JBC: You know, I really just do it for myself, I really do. In saying everything that I say in the conversations that I have on my podcast Conversations With Others, it is all a reminder to focus on what is real and important. The show really started when I did an episode of RuPaul and Michelle Visage’s podcast What’s The Tea? After a two hour conversation, the producer pulled me aside and offered me my own show carte blanche. He said that “the conversations that you just had, these are the types of conversations that need to be had. These are important and impactful, and conversations people can relate to. they aren’t the superficial fluff and bullshit in Hollywood.” I was so aware after being an actor for so many years and being interviewed and asked the same bubble gum questions again and again how boring that was. And that I wasn’t really doing any good; how am I being impactful by sharing what my smoothie ingredient list was? I found no depth in it. I knew that the questions I wanted to ask and the conversations that I was always having with my friends around me which are already very deep and impactful in some capacity. I didn’t feel a responsibility, I almost feel like it is therapy for me to bring forth all the the lessons that I have learned and in doing so, remind myself of what is most important.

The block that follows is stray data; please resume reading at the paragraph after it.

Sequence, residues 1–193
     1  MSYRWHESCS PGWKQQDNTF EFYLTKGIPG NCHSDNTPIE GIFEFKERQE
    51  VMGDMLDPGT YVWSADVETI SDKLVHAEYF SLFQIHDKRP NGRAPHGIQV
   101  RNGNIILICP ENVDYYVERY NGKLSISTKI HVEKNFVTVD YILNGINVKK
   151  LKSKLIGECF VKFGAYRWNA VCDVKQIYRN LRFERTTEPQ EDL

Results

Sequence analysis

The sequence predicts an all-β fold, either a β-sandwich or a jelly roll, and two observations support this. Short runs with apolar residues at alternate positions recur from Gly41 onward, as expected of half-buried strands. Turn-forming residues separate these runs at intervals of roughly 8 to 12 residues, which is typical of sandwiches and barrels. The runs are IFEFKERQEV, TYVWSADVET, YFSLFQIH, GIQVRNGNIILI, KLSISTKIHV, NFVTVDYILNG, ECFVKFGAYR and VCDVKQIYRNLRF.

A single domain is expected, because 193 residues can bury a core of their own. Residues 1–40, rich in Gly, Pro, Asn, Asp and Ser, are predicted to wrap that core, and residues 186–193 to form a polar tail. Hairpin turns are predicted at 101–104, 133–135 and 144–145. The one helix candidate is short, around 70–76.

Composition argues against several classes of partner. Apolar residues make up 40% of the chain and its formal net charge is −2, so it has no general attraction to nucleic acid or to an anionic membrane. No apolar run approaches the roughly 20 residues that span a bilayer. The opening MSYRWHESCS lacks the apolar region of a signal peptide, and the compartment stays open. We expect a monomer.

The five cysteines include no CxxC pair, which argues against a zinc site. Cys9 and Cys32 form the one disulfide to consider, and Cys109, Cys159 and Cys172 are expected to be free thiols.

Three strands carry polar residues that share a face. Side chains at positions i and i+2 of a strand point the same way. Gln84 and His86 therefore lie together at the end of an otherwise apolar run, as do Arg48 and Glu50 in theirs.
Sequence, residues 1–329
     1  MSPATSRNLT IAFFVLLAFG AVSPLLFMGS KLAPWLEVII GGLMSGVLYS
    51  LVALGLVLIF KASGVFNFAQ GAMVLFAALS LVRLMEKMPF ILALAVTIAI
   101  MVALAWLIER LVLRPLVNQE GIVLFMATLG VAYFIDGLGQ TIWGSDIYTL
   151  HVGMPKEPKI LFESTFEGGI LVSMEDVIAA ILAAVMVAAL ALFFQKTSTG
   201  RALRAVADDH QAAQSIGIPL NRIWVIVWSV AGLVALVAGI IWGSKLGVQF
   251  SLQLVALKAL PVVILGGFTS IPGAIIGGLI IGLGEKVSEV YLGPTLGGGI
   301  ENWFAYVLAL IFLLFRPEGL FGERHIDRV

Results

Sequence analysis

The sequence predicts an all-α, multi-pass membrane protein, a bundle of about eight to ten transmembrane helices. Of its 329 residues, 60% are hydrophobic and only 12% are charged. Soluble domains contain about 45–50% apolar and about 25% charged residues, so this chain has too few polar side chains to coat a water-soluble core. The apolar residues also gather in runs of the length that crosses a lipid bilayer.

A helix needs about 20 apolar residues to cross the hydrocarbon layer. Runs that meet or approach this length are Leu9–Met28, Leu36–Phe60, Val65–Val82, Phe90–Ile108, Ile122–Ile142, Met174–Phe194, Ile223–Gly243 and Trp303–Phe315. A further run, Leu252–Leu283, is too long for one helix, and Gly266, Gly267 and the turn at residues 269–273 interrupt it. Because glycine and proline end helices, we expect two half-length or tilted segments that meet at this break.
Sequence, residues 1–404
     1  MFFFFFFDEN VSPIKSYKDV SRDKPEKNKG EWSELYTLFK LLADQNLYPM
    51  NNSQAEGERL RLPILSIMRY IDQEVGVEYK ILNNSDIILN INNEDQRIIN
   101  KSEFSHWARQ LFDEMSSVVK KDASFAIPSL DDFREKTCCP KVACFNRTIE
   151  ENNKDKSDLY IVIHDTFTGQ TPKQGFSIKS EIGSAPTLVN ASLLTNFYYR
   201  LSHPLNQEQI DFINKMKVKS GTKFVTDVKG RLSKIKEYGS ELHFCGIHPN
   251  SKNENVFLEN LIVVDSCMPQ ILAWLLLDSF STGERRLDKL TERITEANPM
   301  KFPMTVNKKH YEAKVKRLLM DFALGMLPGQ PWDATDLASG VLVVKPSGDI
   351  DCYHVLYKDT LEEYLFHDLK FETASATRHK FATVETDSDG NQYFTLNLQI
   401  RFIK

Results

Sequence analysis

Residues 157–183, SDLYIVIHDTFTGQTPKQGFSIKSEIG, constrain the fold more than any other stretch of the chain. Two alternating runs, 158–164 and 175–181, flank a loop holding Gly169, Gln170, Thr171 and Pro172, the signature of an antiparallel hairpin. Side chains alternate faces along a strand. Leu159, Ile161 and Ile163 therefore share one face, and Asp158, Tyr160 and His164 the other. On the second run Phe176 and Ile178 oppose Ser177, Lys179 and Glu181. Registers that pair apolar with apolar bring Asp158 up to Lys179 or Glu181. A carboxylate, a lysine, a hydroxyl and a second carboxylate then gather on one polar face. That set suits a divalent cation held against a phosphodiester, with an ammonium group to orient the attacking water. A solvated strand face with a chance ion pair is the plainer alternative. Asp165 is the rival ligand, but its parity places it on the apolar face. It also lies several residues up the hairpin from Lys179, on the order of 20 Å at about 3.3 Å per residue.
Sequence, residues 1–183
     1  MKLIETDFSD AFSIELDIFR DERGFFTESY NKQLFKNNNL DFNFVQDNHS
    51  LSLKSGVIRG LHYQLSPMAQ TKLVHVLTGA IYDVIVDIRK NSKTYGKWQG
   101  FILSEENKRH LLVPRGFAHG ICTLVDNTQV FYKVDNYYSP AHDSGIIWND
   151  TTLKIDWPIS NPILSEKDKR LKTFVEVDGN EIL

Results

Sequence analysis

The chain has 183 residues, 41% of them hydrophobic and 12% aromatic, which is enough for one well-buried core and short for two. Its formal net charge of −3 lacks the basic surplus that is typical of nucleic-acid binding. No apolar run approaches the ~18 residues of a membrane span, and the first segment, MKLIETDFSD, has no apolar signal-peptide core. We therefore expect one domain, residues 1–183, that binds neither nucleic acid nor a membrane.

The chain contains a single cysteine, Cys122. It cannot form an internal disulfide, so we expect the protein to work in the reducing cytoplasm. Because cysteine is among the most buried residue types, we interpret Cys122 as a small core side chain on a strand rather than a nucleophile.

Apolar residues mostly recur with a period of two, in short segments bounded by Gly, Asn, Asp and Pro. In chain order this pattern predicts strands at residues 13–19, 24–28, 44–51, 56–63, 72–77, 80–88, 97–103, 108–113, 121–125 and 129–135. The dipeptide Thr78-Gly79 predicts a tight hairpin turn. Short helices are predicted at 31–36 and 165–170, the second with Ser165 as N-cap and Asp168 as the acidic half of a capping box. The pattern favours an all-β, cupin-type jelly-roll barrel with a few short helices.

MC: When do you feel the most authentically yourself in your life?
JBC: It may be hard for people to believe, but I am incredibly introverted. I really thrive on spending time by myself. In the evenings, sitting in my back garden starting at the night sky. Being with myself, as corny as that may sound.